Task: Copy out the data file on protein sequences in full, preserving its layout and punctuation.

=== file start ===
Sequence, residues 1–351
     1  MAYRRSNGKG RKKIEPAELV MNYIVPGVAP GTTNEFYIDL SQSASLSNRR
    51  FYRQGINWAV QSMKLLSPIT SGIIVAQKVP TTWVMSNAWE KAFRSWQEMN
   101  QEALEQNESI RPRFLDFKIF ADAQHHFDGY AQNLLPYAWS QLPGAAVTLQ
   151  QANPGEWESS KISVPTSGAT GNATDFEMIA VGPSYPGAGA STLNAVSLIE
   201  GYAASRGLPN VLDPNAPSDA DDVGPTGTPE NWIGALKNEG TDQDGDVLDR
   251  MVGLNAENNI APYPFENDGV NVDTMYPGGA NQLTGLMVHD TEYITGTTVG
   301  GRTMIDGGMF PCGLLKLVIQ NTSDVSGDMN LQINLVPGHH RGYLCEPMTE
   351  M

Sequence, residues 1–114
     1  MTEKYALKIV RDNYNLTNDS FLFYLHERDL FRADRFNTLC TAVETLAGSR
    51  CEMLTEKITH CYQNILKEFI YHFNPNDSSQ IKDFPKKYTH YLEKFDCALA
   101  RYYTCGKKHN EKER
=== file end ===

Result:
Sequence, residues 1–351
     1  MAYRRSNGKG RKKIEPAELV MNYIVPGVAP GTTNEFYIDL SQSASLSNRR
    51  FYRQGINWAV QSMKLLSPIT SGIIVAQKVP TTWVMSNAWE KAFRSWQEMN
   101  QEALEQNESI RPRFLDFKIF ADAQHHFDGY AQNLLPYAWS QLPGAAVTLQ
   151  QANPGEWESS KISVPTSGAT GNATDFEMIA VGPSYPGAGA STLNAVSLIE
   201  GYAASRGLPN VLDPNAPSDA DDVGPTGTPE NWIGALKNEG TDQDGDVLDR
   251  MVGLNAENNI APYPFENDGV NVDTMYPGGA NQLTGLMVHD TEYITGTTVG
   301  GRTMIDGGMF PCGLLKLVIQ NTSDVSGDMN LQINLVPGHH RGYLCEPMTE
   351  M

Sequence, residues 1–114
     1  MTEKYALKIV RDNYNLTNDS FLFYLHERDL FRADRFNTLC TAVETLAGSR
    51  CEMLTEKITH CYQNILKEFI YHFNPNDSSQ IKDFPKKYTH YLEKFDCALA
   101  RYYTCGKKHN EKER